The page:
Luxury Travel Apps: Trusted Information from Trusted Brands

Isaac Mostovicz writes that that luxury travel applications are a way for brands to set themselves up as trusted sources...

Luxury brands, such as Christie’s and Conde Nast Traveler, have been creating mobile travel applications according to a recent article by Luxury Daily.

These applications, or ‘apps’, form an alternative to guidebooks and printed travel-maps. They are beneficial to consumers as they are practical and easy to carry around, and they make good market sense for luxury marketers who can both create their own apps and get their services, products or hotels featured on third-party guides.

Conde Nast Traveller App

Conde Nast Traveller App

Affluent consumers, the article points out, are likely to look for and trust advice coming from luxury brands, so are able to arrive in a new city and quickly look up everything they need to know from a trusted source.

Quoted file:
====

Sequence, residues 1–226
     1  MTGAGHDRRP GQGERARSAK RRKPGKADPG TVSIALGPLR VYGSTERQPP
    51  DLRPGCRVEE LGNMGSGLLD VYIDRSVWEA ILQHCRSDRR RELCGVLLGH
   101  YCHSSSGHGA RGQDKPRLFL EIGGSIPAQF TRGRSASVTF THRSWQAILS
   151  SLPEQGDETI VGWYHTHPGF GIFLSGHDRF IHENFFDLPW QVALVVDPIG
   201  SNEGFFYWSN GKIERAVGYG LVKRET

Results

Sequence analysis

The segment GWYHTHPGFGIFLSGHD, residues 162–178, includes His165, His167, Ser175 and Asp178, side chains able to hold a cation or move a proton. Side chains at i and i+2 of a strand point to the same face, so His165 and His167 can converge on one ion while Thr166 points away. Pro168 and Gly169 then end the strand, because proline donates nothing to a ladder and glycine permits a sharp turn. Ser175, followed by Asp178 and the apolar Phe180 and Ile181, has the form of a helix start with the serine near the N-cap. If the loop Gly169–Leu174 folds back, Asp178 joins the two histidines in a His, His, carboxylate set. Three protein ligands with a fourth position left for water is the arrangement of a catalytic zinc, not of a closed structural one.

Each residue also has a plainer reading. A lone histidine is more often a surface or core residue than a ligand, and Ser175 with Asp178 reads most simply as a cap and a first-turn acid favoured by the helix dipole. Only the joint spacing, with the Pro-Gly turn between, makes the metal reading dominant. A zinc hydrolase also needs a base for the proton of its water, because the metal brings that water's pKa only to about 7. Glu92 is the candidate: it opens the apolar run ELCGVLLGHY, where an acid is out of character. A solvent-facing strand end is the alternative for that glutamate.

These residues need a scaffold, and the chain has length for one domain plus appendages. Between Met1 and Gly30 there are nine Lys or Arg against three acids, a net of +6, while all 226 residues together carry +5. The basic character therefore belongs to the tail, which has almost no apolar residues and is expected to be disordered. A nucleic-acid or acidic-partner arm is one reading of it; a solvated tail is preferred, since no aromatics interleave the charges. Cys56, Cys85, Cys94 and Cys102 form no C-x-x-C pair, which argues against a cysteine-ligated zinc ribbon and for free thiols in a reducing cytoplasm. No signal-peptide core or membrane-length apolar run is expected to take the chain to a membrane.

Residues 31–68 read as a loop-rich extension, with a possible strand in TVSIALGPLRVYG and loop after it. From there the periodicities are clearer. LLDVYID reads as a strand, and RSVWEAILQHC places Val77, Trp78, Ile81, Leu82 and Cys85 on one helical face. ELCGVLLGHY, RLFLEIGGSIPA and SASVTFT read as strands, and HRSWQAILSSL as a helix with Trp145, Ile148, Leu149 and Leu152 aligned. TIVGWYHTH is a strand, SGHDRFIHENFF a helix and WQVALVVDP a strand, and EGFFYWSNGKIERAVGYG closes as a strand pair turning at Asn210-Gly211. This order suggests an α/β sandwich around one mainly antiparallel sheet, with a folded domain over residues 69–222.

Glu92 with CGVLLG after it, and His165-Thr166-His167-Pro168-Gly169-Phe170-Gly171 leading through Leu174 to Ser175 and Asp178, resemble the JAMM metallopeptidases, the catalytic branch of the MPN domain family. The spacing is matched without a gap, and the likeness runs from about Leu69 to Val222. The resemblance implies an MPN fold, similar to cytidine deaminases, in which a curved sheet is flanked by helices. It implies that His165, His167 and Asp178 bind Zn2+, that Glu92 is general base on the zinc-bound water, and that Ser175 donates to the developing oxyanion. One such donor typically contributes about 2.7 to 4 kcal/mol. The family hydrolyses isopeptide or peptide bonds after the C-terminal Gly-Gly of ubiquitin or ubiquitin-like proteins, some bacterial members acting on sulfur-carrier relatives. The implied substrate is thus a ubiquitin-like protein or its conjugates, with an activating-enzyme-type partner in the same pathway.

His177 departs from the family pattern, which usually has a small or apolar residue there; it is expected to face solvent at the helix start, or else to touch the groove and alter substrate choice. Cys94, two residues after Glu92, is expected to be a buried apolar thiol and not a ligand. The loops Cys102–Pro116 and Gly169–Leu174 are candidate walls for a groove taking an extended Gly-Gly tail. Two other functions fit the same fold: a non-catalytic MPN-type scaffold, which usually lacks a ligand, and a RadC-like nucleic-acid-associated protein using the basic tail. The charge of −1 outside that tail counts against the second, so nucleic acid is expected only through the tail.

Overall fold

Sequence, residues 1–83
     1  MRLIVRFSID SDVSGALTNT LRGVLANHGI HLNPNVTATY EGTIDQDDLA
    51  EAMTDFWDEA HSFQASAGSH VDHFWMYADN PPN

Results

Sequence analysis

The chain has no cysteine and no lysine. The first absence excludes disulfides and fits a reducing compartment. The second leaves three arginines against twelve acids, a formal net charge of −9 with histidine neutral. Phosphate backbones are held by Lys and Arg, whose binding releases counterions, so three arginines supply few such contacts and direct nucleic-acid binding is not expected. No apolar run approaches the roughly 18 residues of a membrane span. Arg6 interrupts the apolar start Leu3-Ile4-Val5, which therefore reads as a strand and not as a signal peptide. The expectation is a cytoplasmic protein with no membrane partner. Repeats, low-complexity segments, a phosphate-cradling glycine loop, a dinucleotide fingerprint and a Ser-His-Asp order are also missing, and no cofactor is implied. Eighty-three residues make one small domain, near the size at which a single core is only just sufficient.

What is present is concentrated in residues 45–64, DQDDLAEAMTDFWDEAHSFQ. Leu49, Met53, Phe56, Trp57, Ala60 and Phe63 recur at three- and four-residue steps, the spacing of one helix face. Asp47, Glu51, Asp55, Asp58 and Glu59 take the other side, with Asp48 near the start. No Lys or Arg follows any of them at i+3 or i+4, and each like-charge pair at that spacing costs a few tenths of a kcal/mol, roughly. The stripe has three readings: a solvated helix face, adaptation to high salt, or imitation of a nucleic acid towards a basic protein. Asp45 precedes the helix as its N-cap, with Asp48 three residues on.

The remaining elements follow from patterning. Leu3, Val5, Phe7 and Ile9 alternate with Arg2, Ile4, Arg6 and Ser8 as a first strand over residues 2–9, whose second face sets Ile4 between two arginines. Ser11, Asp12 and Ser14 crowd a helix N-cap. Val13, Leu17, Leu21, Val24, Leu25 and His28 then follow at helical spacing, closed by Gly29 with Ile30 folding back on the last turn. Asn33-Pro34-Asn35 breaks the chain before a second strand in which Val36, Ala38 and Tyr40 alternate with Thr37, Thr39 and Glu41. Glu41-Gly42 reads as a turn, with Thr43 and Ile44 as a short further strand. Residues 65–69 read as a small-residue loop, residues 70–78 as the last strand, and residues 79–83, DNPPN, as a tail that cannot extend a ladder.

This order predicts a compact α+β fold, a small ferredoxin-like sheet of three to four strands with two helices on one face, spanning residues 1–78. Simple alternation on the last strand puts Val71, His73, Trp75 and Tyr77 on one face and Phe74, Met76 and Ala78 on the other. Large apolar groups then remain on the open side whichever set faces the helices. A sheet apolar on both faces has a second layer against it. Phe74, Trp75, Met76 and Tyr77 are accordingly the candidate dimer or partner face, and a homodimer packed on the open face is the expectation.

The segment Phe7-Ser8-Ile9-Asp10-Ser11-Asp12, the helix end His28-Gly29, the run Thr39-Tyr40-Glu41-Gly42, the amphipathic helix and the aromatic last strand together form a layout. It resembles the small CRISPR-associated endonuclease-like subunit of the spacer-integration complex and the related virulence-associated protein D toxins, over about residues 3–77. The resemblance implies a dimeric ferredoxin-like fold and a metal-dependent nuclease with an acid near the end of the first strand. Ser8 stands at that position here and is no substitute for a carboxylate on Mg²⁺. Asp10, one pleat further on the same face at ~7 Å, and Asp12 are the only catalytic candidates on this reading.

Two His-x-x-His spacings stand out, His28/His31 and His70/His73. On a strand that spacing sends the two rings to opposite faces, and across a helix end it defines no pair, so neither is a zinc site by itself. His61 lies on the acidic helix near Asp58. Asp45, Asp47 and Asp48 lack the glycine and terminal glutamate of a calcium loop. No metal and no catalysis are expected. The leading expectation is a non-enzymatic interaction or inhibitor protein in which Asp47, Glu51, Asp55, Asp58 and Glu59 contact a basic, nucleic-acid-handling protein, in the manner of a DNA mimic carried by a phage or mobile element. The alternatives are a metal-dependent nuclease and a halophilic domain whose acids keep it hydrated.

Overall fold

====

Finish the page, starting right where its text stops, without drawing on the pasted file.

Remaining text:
The article lands on a point that I think is key:

“By creating a mobile city guide, a luxury brand can connect with consumers in a way that does not seem overly-promotional but that helps the user make lifestyle decisions.”

I think this is really important when dealing with luxury consumers in any setting, not just in creating apps.

Rather than actively selling to customers, I believe luxury marketers should be developing relationships with their target audiences, positioning themselves as trusted advisors not just as salesmen. For me, marketing luxury means encouraging the consumer to behave according to their own personal values – not trying to dictate to them what these values are.

This is the approach I take with Kahro, a Raleigh jewelry store which is dedicated to marketing diamonds as a luxury. The staff act as advisors – rather than trying to sell diamonds, they try and understand what it is the customer wants from a diamond, and help them to make the right decisions.

Be it an application or in-store service, it is important for luxury brands to remember that it is not always about the hard sell. Creating apps that give the consumer what they want – without asking anything directly in return – is just one way for brands to set themselves up as ‘trusted sources’, and this is invaluable in a crowded market place.

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